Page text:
In a review of the biennial that troublingly ignores the problematics of Open Casket, Jennifer Samet lauds Schutz as one of “two figurative painters who stand out.” Again, we arrive at the question of whose bodies are subject to figurative representation, and by whom. Consider what Black describes as “the willingness of a largely non-Black media to share images and footage of Black people in torment and distress or even at the moment of death.” Such hegemonic networks of spectatorship, rooted in whiteness, demonstrate an insidious assumption that bodies of colour, and Black bodies especially, are universally available for figuration, and what is more, that they cannot exist in any other mode. These attitudes are, of course, a matter of white privilege, and must actively be dismantled. As Black writes: “Although derided by many white and white-affiliated critics as trivial and naive, discussions of appropriation and representation go to the heart of the question of how we might seek to live in a reparative mode, with humility, clarity, humour and hope, given the barbaric realities of racial and gendered violence on which our lives are founded.”
Returning to your other queries: “Whose work is this? Have I seen this before? What are we doing here? What year is it and what is going on in the political world?” These are questions that have been echoing for me a lot of late. And I am curious to see how they will resonate with the forthcoming Flowchart as well.
The first two questions, in particular, bring to mind Fan Wu’s work in and around poetic translation, which, he writes, “aims for an aesthetically crafted and justified final product it deigns to keep its faith to the original. Poetic translation scrabbles, sometimes boldly and valiantly, sometimes like a mute with fists of ham, to mediate these oft-disparate goals.” We might draw a connection between these ideas and the translation of images, both narrative and visual, that circulates in Pabani’s work. Simultaneously, I wonder what forms of imaging will emerge amid the texts, sounds and presences I anticipate in Wu’s collaboration with Thom Gill. You also ask what we are doing here, which I think foregrounds the notion of choreography as encounter. I am curious to see how Lo Bil’s work, what Amelia Ehrhardt refers to as her “conscientious practice,” might open such experiences.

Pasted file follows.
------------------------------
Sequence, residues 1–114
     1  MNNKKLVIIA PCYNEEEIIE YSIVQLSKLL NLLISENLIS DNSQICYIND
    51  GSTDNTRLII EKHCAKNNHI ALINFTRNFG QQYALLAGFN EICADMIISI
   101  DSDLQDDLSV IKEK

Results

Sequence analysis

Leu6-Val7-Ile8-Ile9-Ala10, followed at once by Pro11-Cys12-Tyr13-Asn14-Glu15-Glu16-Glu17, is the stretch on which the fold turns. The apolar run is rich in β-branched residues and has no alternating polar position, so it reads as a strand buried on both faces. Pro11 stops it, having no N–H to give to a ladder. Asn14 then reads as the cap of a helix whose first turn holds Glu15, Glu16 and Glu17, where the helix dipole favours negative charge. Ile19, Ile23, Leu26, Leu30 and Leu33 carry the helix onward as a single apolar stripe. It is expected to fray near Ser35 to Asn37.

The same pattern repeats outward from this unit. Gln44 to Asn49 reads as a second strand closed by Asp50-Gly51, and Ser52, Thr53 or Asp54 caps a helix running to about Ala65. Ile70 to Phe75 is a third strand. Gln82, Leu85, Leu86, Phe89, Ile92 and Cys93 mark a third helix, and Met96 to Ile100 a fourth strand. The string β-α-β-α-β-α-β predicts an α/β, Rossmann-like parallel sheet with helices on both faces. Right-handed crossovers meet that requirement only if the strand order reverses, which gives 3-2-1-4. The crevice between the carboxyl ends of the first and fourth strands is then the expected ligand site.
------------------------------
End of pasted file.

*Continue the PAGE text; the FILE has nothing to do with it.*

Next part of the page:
And since you, too, will be performing on the program, may I end by asking something of you? A brief reflection on what’s to come?
I have been thinking about this increasingly popular notion of non-performativity and how it might relate to dance, obscuring historical dynamics of performance spaces by making quiet claims to a newly established level playing field between creators and their so-called contemporary audiences. But what group of often white elite arts fashionistas author this trademarked notion of anti-performance and, when it is claimed to be more accessible, is that not a problematic assertion of inclusivity? How does totalitarianism intersect with authority in performance modes and aesthetics?
With postmodern task-based approaches to dance, faces became more neutral. Later this look was ‘put-on’ in order to keep up with the trends and by the 80s, the level of hyper-formality that was getting funded resembled outright fashion fascism. Meg Stuart openly critiqued this dominant mode in her seminal Disfigure Study, which while initially radical in its tormented deformity, eventually bore another generation of dance artists who shunned their own abilities, while championing queer theory. Is the grotesque a cyclic, more inclusive mode? Have we landed in state-based research or are we back in dancetheatre?
Non-performativity is a more collectively organised hierarchy of anti-values that profits from rejecting the dramatic modes it claims to supercede as it reclaims spaces that were previously dance-theatrical. Having created work in the past that attempts this myself, I now feel stuck in the middle between increasingly polarised modes of formal and conceptual or somatic dance.
From this position I consider the possibility of making a non-pedagogical dance, and in the process become ever cathartically didactic. I invite the audience to explore performance as a space to do things you don’t usually do, which relates for me to queerness. Can I step aside without pretending I’m not there? Probably not, but it is through this question that I attempt to negotiate my place within this community, conversation and moment.
Dancemakers presents the season’s third Flowchart with Lo Bil, Fan Wu/Thom Gill and Robert Kingsbury on April 6th at 8pm at Dancemakers Centre for Creation, Toronto.
This Desiring Pony, a solo rooted in feminist methodology, calls upon internalized patriarchal modes of oppression existing both in the body of a female dance artist and in the dialectic between performer and audience.